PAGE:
Leadership Symposium Early Bird Deadline Is Today | Join K-12 leaders nationwide for three days of empowering strategies, networking, and inspiration! Discounted pricing ends today, Feb. 23. Register now.
Education Letter to the Editor

A 10 Percent Solution?

November 28, 2006 2 min read
  • Save to favorites
  • Print

To the Editor:

In his Oct. 18, 2006, Commentary “Research and Effectiveness,” Robert E. Slavin proposes an initiative whereby districts not meeting standards could, when requesting discretionary federal funding, be awarded “a bonus of up to 10 points, on a scale of 100, if the applicant commits to the use of programs with strong evidence of effectiveness.”

On the surface, this seems like a reasonable proposal. But what he does not say here, but has said many times elsewhere, is that his program, Success for All, is the most scientifically validated to have strong evidence of effectiveness. So the question is: Should the government provide a bonus for schools to adopt this program? The answer is a resounding no.

In a series of published articles, I have shown that much of the research supporting Success for All was done by the developer and his associates and was of questionable methodological validity. The original research, conducted by the developer in Baltimore, showed that the program was highly effective. Why, then, did the district decide to drop the program? Was it due to mismanagement or politics? No, the program was dropped because students entered the 6th grade, after five years in the program, three to four years below grade level.

More recently, the Atlanta public schools relied on Success for All to raise the performance of the system’s predominantly African-American schools. The result, on the latest National Assessment of Educational Progress, was that Atlanta had a black-white achievement gap in reading of approximately four years at the 4th grade level. (This is not a misprint.)

The special problems with SFA aside, programs generally are not tested on a sufficiently large scale to warrant their being promoted, and few could afford to conduct such research.

At this point, I do not know of any large-scale programs that have been shown to consistently enable students to be successful to the point where it makes sense to promote their use. Educators are not stupid. If there were in fact an unusually, universally effective program out there, schools would be voluntarily adopting it en masse, and would not need incentives.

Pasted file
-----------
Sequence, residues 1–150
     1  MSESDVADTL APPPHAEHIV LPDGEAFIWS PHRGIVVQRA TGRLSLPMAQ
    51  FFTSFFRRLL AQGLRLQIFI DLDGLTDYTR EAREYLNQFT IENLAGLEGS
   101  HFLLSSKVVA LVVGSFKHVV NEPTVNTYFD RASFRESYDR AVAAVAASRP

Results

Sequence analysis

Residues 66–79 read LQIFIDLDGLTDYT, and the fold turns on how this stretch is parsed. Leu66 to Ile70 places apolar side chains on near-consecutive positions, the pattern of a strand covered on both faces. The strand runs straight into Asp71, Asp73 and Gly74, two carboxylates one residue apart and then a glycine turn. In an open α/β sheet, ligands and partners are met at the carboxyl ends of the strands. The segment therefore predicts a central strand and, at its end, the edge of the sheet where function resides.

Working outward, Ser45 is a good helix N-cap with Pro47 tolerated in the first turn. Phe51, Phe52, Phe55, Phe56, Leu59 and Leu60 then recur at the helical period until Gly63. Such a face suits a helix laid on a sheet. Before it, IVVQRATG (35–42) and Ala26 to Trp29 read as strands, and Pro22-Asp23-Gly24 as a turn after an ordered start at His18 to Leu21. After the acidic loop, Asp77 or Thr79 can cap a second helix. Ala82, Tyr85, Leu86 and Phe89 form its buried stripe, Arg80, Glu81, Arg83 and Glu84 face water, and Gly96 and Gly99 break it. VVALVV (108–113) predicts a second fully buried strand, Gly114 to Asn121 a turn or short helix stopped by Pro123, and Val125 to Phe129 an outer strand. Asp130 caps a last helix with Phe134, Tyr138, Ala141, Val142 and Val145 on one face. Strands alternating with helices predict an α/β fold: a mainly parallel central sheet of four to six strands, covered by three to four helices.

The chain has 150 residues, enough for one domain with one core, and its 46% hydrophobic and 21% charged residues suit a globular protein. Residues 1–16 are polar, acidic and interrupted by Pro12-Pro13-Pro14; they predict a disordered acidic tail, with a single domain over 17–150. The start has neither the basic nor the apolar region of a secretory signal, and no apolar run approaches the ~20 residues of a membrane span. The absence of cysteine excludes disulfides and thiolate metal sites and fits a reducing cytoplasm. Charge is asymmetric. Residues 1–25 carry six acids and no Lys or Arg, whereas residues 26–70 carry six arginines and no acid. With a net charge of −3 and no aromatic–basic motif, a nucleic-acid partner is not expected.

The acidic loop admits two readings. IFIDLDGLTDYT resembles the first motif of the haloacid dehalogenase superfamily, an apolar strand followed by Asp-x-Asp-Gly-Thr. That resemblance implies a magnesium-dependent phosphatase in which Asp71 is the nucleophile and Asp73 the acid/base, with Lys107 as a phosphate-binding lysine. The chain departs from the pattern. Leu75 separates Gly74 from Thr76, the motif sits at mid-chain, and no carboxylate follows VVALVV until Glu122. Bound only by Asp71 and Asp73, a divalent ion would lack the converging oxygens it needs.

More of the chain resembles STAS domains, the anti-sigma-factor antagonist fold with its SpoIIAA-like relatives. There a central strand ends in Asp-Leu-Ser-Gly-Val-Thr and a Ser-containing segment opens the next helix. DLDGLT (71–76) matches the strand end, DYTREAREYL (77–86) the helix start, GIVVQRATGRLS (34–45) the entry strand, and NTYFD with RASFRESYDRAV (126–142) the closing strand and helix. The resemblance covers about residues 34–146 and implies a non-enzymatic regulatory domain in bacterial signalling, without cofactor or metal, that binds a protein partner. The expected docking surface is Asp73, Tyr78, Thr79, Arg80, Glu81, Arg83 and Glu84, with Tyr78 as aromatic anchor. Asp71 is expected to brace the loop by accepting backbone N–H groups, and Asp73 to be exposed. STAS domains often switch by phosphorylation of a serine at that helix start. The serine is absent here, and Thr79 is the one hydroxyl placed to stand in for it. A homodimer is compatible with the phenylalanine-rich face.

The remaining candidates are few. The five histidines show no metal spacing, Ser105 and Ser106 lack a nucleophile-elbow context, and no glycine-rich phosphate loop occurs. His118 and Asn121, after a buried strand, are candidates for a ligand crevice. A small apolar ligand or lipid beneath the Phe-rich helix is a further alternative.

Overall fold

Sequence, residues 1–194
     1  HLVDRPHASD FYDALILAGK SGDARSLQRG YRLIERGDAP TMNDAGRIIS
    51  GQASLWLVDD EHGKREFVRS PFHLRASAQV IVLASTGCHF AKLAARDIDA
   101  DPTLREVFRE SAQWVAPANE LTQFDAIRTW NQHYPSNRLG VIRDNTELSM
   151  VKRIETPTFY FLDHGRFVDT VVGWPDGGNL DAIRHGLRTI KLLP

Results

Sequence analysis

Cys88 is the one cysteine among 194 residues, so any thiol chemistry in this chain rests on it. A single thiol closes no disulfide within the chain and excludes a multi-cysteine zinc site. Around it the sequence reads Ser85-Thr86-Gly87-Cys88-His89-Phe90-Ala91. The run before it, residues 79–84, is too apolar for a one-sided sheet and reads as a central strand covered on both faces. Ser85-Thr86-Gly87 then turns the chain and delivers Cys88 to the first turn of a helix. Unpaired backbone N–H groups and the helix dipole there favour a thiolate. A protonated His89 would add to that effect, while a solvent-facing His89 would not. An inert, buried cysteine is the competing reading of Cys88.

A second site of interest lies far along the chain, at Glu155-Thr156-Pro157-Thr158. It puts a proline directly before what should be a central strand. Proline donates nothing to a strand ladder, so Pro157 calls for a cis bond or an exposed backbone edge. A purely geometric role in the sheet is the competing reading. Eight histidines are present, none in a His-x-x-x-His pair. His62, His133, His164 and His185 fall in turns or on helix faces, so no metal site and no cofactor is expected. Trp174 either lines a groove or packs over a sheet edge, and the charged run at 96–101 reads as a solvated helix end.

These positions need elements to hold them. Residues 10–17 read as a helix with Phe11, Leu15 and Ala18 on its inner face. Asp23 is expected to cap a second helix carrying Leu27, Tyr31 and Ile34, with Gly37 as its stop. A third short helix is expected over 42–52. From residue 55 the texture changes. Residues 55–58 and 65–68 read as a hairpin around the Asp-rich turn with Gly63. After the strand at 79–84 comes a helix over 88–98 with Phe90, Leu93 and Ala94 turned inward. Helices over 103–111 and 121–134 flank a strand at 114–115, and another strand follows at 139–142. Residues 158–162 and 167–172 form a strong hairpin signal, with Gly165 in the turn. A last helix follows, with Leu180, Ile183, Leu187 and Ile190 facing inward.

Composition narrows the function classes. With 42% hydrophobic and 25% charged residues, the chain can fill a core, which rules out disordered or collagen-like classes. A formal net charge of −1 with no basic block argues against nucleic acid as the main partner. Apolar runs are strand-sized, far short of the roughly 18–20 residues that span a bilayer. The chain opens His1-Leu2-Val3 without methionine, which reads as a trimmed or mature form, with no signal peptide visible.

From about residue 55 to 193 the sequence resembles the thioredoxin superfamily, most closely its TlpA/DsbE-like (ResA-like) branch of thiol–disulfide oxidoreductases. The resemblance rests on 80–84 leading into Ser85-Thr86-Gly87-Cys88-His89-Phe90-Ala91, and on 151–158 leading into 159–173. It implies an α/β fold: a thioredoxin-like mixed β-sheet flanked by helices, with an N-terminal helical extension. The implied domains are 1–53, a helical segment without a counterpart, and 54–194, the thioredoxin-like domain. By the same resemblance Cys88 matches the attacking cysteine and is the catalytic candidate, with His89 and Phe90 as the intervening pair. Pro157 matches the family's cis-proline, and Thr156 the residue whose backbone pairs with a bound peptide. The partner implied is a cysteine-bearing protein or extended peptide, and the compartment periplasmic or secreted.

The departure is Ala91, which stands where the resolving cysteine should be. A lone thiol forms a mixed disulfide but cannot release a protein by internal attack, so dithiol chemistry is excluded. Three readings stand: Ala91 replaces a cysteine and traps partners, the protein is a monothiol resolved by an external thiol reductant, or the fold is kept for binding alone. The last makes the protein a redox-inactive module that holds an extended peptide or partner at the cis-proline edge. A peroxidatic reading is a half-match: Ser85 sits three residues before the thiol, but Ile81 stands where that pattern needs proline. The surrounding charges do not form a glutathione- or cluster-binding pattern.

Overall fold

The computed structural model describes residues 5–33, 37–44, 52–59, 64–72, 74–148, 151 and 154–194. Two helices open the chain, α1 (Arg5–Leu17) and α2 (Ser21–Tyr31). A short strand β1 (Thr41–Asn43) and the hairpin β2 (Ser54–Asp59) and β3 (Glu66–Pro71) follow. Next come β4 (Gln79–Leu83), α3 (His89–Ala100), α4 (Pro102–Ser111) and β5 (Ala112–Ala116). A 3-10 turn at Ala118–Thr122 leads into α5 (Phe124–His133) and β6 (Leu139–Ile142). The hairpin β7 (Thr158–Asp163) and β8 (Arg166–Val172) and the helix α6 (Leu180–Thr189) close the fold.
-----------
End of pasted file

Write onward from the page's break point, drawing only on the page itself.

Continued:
So, when all is said and done, this version of the “10 percent solution” is merely the latest ploy by an influential, well-funded vendor to get his program promoted by the government. My own version of the “10 percent solution” would be for the U.S. Department of Education to invest 10 percent of its budget in the development of truly breakthrough programs.

Stanley Pogrow

Professor of Educational Leadership

San Francisco State University

San Francisco, Calif.

A version of this article appeared in the November 29, 2006 edition of Education Week as A 10 Percent Solution?


Jobs Virtual Career Fair for Teachers and K-12 Staff
Find teaching jobs and other jobs in K-12 education at the EdWeek Top School Jobs virtual career fair.
This content is provided by our sponsor. It is not written by and does not necessarily reflect the views of Education Week's editorial staff.
Reading & Literacy Webinar
Science of Reading: Emphasis on Language Comprehension
Dive into language comprehension through a breakdown of the Science of Reading with an interactive demonstration.
Content provided by Be GLAD
English-Language Learners Webinar English Learners and the Science of Reading: What Works in the Classroom
ELs & emergent bilinguals deserve the best reading instruction! The Reading League & NCEL join forces on best practices. Learn more in our webinar with both organizations.

EdWeek Top School Jobs

Teacher Jobs
Search over ten thousand teaching jobs nationwide — elementary, middle, high school and more.
View Jobs
Principal Jobs
Find hundreds of jobs for principals, assistant principals, and other school leadership roles.
View Jobs
Administrator Jobs
Over a thousand district-level jobs: superintendents, directors, more.
View Jobs
Support Staff Jobs
Search thousands of jobs, from paraprofessionals to counselors and more.
View Jobs

Read Next

Education Briefly Stated: February 7, 2024
Here's a look at some recent Education Week articles you may have missed.
8 min read
Education Briefly Stated: January 31, 2024
Here's a look at some recent Education Week articles you may have missed.
9 min read
Education Briefly Stated: January 17, 2024
Here's a look at some recent Education Week articles you may have missed.
9 min read
Education In Their Own Words The Stories That Stuck With Us, 2023 Edition
Our newsroom selected five stories as among the highlights of our work. Here's why.
4 min read
102523 IMSE Reading BS
Adria Malcolm for Education Week